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Makes: 24 2-inch bars
1 cup (2 sticks) unsalted butter, melted
½ cup granulated sugar
1 ½ teaspoons pure vanilla extract
½ teaspoon kosher salt (skip if using salted butter)
2 cups + 2 tablespoons all-purpose flour
2 cups granulated sugar
6 tablespoons all-purpose flour
½ teaspoon kosher salt
6 large eggs
1 cup lemon juice, freshly squeezed (about 4 lemons)
2 tablespoons lemon zest
Powdered sugar (for dusting)
Preheat oven to 325 degrees. Line a 9-by-13-inch baking dish with parchment paper or aluminum foil and leave some hanging over the sides so that the bars will be easy to remove when ready.
In a medium-large bowl, add the melted butter, sugar, vanilla and salt. Use a wooden spoon to stir together until fully combined. Tip the dough into the prepared baking dish and use the back of a spoon to firmly press the dough into the pan in a smooth, even layer. Use a paper towel to wipe any crumbs from the bowl and set aside to use for the lemon filling.
Bake the shortbread until the edges just begin to turn a light golden brown, about 22 to 25 minutes.
Prepare the lemon curd filling as the shortbread bakes. Sift the flour and sugar together in the same bowl that was used for the shortbread. Add the eggs and use a whisk to vigorously mix them in until fully blended. Add the lemon juice and zest and whisk to combine.
Once the shortbread is ready, remove the pan from the oven and immediately use a fork to poke holes all around the crust, but not going all the way through to the bottom. This will bind the lemon curd filling to the crust.
Pour the prepared lemon filling over the warm crust. Bake the bars until the filling is set and barely jiggles when tapping the side of the pan, about 20 to 25 minutes. Remove the pan from the oven and transfer to a wire rack. Cool completely at room temperature, at least 1 hour.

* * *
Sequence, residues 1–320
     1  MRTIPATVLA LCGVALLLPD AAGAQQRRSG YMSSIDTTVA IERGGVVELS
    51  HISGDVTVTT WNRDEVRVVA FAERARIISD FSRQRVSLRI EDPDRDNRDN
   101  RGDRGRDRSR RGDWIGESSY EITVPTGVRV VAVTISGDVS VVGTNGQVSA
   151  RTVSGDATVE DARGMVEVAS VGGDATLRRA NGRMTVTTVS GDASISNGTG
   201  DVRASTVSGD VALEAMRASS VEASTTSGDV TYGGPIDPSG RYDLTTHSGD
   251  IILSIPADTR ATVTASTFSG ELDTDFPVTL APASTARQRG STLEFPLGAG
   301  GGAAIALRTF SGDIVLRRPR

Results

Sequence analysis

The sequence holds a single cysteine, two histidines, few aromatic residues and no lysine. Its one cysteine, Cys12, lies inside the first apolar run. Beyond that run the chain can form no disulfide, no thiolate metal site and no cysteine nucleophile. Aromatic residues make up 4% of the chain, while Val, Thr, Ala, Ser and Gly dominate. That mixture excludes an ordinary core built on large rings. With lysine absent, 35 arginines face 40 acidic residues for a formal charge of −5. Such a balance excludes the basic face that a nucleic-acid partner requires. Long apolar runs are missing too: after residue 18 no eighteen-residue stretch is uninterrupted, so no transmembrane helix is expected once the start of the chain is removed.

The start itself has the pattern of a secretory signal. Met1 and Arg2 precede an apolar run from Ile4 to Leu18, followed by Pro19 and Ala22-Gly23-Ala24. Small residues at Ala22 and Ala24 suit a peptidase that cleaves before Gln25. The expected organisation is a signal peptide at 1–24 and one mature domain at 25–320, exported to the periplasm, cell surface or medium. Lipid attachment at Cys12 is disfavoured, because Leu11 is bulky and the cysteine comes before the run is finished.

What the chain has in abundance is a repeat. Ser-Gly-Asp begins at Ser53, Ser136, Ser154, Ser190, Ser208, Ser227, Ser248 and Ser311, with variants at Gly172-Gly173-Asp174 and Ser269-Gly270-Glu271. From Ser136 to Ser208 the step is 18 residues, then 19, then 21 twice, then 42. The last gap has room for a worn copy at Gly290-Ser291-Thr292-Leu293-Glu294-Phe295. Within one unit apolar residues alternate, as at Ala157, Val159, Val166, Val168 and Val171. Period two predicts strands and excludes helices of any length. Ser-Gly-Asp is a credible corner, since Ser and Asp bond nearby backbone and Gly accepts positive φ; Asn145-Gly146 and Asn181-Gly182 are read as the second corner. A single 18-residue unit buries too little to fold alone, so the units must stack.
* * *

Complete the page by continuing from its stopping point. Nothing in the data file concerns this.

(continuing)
Once cool, cover the pan with plastic wrap and refrigerate the bars until well-chilled, about 2 hours or even overnight.
When ready to slice, run a knife or offset spatula between the pan and the bars at each end of the pan and then use the parchment or foil overhang to lift the bars out of the baking pan and onto a cutting board.
Dust the top generously with powdered sugar and cut the bars into 2-inch squares. To create sharp squares, use a damp paper towel to wipe the knife after each cut.
To store: Lemon bars can be stored in an airtight container in the refrigerator for up to 1 week, or in the freezer for several months. For best result, cut the bars into squares and freeze on a baking sheet until frozen, about 2 hours, then transfer to an airtight container.
Sarah’s tip: Other citrus fruits like orange, lime and grapefruit can also be used in place of, or combined with, the lemon.
Recipe Time Capsule:
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Recipes can be found with the article at InForum.com.
“Home with the Lost Italian” is a weekly column written by Sarah Nasello featuring recipes by her husband, Tony Nasello. The couple owned Sarello’s in Moorhead and lives in Fargo with their son, Giovanni. Readers can reach them at firstname.lastname@example.org.